Everything, all the time, it could be a band you are listening to and really like. A movie, a book, you know what I mean. Muses for me are everything around me. There is not one. I think you can find a song in a lot of different things. The trick is just to evolve be engaged all the time. You never run out of things to write about. I guess, you can run out of feeling that you want to write but there is always something that can inspire you if you are open to it.
I was listening to Beauty Queen Sister, the single, yesterday on a road trip and totally got a Scissor Sisters vibe from it. What do you think?
That didn’t occur to me. I can totally see that. A little rock and roll. I like that a lot.
The Indigo Girls have performed with an amazing array of artist and talents. Who would you say was your favorite?
Oh god. I will just say one of my favorite collaborations was when we sang with P!nk. We sang on her record on a song named ‘Dear Mister President.’ It was really fun. Then she sang on one of our records. That was a really fun collaboration. We got to hang out and trade off. I don’t know, it just really meant a lot to me.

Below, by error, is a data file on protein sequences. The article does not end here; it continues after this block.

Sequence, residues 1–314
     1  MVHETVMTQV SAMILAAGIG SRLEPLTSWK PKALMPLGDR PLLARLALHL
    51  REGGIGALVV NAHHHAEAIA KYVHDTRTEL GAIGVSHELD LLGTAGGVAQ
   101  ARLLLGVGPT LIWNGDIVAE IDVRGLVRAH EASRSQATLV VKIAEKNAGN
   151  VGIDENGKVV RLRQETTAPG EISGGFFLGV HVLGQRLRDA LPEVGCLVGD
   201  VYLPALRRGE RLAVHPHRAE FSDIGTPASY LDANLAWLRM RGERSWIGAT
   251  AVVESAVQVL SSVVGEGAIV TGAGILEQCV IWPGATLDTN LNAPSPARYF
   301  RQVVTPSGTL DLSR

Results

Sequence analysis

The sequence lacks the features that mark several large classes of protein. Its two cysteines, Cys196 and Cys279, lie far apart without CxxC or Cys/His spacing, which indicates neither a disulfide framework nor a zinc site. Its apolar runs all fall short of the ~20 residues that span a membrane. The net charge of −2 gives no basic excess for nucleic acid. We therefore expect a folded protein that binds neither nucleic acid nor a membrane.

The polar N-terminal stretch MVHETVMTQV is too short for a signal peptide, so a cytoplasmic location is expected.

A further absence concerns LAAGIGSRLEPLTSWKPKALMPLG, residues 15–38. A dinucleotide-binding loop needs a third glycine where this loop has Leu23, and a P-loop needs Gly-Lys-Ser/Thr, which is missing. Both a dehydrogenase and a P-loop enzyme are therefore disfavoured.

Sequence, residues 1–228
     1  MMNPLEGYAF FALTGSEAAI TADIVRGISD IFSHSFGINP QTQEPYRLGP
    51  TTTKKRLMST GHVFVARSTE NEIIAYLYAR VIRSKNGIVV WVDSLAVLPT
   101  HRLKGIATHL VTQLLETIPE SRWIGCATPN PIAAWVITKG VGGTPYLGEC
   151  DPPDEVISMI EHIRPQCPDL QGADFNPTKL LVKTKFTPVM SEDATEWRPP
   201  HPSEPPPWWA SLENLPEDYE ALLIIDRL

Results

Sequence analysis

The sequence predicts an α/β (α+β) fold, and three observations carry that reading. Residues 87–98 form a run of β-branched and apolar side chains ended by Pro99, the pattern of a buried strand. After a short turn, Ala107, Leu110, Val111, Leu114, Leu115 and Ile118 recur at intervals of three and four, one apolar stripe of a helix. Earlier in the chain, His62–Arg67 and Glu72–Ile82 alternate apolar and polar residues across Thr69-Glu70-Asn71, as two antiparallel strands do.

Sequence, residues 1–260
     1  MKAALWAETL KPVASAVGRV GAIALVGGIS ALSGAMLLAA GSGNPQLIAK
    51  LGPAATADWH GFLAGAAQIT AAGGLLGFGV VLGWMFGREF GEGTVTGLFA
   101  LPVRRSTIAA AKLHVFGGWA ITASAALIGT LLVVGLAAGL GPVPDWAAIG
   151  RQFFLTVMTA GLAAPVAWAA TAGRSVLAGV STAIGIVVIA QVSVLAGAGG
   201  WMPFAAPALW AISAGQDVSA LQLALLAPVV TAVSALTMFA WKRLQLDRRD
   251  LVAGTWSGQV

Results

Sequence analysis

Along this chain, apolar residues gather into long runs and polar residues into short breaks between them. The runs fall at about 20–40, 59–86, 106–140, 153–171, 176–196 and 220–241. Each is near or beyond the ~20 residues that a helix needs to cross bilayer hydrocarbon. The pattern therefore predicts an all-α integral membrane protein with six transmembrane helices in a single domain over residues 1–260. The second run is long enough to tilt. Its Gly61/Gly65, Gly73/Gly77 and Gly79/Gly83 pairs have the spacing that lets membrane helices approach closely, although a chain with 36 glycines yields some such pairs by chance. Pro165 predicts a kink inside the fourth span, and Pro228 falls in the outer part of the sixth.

Who would you say you had the most fun with on tour?
Oh wow, we have toured with so many people that we love. It is kind of endless. They each have their own gifts that they bring. Everything can be fun for a different reason. It is never like I had so much fun with that other band, why can’t this one be the same. We toured a long time off and on with Brandi Carlisle. I guess 5 or 6 years ago. They were opening for us and we probably learned about 10 songs together. We had an acoustic trio with Brandi and even just played with her band several times. There was just so much collaboration, fun and respect. So the show became totally cross pollinated and a mixture of just everyone playing with each other. That was very satisfying to me. For the last year, we have toured with our opening band Shadow Boxer. They were opening for us then we decided to use them as our backing band as well. It is a great collaboration. We typically take our friends out on the road with us and do songs together.